Andre, do you want me to start a list of recent Jeep recalls for faulty airbags, skidplate fires, gas tank explosions...?
        Donny Hoover
        • 2 Years Ago
        @Andre Neves
        I know Jeeps have ridiculous resale value but you seem clueless on FJ Cruisers. Similar vehicle, similar cult following, also holds value well. Here's two I just found on craigslist and they're even private party so they could be even more expensive: A 2004 with 82,000 miles: $24,500 A 2007 with 45,000 miles: $22,500 Its at the point where you'd have to be a total moron to buy a used one. That's within a couple thousand of what they paid for them new.
      Jack Holliday
      • 2 Years Ago
      these magazines are all paid off by jap car makers ...........especially CR
        Henry
        • 2 Years Ago
        @Jack Holliday
        I hate to break it to you. KBB numbers are based on what you and I and every other Joe Blow or Jane Flow will pay for the cars if we are in the market to buy one. So there is no subjectivity there. And most of those buyers who made them what they have become are Americans like you and I.
        Worx2749
        • 2 Years Ago
        @Jack Holliday
        Stupido.
        M5_4_life
        • 2 Years Ago
        @Jack Holliday
        I know! And I'm taking your word for it since you're an authority on such issues!
      RodRAEG
      • 2 Years Ago
      Resale isimportant for a car you don't plan on keeping.
        mbukukanyau
        • 2 Years Ago
        @RodRAEG
        Exactly
        Henry
        • 2 Years Ago
        @RodRAEG
        Not really. If you like driving new cars every 3 to 5 years, it makes a whole lot of sense. There are a lot of people out there that don't want to drive anything more than 5 years old.
      mbukukanyau
      • 2 Years Ago
      Good for me, since I have no interest in Toyotas, I can pay less for cars I like
        zoom_zoom_zoom
        • 2 Years Ago
        @mbukukanyau
        I recommend a Chrysler or Dodge. Get a used rental version. Very cheap.
      bubciak
      • 2 Years Ago
      Resale value :)) such a BS.
      rL-gT
      • 2 Years Ago
      In before the Hate comments
        You missed it
        • 2 Years Ago
        @rL-gT
        And? How is your stupid "in before..." comment supposed to stop anybody from posting hate comments?
          rL-gT
          • 2 Years Ago
          @You missed it
          Just a useless comment like the other random hate comments in this thread. get it now?
          You missed it
          • 2 Years Ago
          @You missed it
          You are welcome. But seriously, what is the point of such comment? Seems just as dumb as those "First!!!" comments.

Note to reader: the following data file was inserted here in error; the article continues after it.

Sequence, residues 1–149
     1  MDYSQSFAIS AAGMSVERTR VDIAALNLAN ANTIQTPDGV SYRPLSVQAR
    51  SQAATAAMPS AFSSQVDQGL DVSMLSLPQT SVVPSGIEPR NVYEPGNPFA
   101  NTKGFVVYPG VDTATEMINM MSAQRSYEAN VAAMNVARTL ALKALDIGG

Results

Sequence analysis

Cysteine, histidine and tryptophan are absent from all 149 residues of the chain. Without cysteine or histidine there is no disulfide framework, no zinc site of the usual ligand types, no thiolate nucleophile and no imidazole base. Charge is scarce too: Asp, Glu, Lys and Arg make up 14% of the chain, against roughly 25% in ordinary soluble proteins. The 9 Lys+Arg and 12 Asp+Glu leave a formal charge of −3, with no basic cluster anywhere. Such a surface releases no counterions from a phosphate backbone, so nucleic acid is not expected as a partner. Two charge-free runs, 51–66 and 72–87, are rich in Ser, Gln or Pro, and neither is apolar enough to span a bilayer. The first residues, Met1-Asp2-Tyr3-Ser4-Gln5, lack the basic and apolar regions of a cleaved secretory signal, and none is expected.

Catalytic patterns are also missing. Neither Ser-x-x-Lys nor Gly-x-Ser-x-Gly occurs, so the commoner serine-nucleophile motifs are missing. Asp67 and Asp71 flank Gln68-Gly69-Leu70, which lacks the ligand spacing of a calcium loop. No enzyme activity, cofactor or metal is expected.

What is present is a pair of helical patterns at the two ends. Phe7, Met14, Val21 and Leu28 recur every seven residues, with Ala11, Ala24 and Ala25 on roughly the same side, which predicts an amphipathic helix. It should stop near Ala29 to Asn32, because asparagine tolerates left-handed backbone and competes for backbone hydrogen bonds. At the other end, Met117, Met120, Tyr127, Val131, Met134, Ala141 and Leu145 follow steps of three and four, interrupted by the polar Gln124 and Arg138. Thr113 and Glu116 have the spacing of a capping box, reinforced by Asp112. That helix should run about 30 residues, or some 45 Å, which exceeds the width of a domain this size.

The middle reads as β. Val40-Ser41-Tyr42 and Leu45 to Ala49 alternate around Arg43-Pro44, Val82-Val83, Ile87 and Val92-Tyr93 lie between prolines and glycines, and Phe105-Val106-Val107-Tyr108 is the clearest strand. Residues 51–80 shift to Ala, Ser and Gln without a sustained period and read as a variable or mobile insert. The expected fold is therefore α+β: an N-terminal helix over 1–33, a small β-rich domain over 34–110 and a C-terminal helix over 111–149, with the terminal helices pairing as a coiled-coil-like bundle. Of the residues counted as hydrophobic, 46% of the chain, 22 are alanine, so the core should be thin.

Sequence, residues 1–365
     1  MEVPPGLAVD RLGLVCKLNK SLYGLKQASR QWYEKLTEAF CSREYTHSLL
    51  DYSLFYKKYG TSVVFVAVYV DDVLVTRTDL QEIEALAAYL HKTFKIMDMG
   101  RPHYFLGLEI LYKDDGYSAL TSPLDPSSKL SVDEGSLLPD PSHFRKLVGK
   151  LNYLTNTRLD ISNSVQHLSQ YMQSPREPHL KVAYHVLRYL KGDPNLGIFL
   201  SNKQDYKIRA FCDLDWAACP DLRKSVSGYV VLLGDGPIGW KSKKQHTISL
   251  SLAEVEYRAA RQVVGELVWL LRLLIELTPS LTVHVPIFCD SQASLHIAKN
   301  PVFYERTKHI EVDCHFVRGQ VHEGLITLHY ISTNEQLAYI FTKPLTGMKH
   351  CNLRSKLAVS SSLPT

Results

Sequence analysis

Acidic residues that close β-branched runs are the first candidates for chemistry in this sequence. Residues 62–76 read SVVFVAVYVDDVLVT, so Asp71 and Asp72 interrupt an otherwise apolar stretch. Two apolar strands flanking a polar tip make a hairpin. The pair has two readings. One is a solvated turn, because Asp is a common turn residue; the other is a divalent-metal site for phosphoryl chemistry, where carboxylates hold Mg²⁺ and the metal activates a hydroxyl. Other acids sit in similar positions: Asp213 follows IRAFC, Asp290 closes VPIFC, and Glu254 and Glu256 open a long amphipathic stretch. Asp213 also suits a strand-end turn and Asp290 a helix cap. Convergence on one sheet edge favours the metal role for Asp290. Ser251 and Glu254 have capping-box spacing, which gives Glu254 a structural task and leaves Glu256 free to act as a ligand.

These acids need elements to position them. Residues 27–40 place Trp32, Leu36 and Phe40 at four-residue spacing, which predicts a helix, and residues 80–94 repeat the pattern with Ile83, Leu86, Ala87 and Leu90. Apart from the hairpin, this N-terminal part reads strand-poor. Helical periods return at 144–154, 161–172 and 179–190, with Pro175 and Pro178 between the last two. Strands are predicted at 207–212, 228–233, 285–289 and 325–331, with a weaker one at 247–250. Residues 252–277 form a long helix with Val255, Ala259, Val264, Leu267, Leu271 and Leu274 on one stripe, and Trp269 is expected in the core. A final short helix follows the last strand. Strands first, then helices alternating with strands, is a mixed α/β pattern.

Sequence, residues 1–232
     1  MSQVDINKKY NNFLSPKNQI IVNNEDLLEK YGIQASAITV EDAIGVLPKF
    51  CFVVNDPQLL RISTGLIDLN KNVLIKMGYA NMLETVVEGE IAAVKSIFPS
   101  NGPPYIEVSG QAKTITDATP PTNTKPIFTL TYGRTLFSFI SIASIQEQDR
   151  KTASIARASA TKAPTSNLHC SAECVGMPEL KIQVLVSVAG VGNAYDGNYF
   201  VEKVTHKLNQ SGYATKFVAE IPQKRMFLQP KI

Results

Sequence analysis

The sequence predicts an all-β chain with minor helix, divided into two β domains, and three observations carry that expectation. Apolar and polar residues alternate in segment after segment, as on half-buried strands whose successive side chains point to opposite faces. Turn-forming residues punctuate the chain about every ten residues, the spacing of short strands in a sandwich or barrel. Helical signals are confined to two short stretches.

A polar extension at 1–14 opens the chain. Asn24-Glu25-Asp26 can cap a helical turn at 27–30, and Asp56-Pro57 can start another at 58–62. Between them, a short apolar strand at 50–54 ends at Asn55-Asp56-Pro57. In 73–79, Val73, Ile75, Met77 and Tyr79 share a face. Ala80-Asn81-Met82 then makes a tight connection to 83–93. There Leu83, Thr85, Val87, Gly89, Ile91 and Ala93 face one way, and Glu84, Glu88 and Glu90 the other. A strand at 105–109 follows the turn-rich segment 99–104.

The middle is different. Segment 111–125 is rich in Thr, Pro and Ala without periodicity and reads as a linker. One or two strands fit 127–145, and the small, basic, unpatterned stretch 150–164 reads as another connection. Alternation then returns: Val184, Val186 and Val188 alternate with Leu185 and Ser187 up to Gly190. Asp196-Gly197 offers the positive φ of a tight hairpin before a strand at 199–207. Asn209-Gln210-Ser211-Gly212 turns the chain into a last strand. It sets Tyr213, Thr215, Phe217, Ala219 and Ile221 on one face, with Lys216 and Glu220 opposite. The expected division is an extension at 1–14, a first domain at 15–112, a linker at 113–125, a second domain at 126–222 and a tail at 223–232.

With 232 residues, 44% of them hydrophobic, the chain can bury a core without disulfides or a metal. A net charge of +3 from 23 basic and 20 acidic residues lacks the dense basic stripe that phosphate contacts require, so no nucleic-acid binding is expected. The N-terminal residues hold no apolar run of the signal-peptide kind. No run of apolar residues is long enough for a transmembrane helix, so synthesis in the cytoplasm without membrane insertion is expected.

• 2 Years Ago
      [blocked]
      zoom_zoom_zoom
      • 2 Years Ago
      Resale value is important also when your car is totaled. I once had a car for only 6 months, a lady ran a stop light and totaled my new car. Thankful I drove a Japanese car that didn't lose any valueand the insurance paid off the loan plus some.
      L14t
      • 2 Years Ago
      I was talking to a friend the other day about cars. He is the type of person who thinks ford-is-the-best-brand-EVER guy. He absolutely adores early 00's mustangs. He said my miata wouldn't be as reliable as his ford. I told him Japanese cars are more reliable than American cars. But ford is the most reliable brand there ever is he said. I would like to show him this list as a slap in the face. And every other reliability list ever made. I have nothing against ford (I drool over the fusion) but people like that make me lose respect for that brand because of their arrogance
        Dean
        • 2 Years Ago
        @L14t
        I wouldn't lose respect for the brand because of someone like your friend. I would however lose respect for your friend for being so narrow minded. Ford isn't my brand of choice, but I will admit, they have introduced some great cars recently.
        mbukukanyau
        • 2 Years Ago
        @L14t
        The Japanese can keep their reliable cars.
          zoom_zoom_zoom
          • 2 Years Ago
          @mbukukanyau
          And the UAW can go pound sand and go out of business.
      PICKLEBOY
      • 2 Years Ago
      No surprise. I had a 1991 Toyota Corolla for my first car and it ran perfectly during the two years I owned it. Never had to take it to a shop, always started easily. Toyota definitely makes a reliable car that in turn gives great resale value. It was totaled and I got 2000 bucks from my insurance. It was 21 years old! try getting that kind of cash for any other brand car of that age
      • 2 Years Ago
      [blocked]
      Agilis
      • 2 Years Ago
      List is total nonsense. Honda Fit at most with almost every option is just under 24K. So of course the depreciation of this vehicle is going to be low, it's cheap to begin with.
        piggybox
        • 2 Years Ago
        @Agilis
        Cheap = low depreciation? Sorry, your logic is a total nonsense.
          Agilis
          • 2 Years Ago
          @piggybox
          No. I never said it was cheap. By no means is a Honda Fit cheap. I simply meant that the lower base price just means there is very little room to depreciate. A vehicle that is 25K is not going to, after 5 years, be worth 8K. Dealers would find it very difficult to sell otherwise.
          Agilis
          • 2 Years Ago
          @piggybox
          My mistake, I did say cheap. I was talking about the price, not the car's value. Not the best choice of words.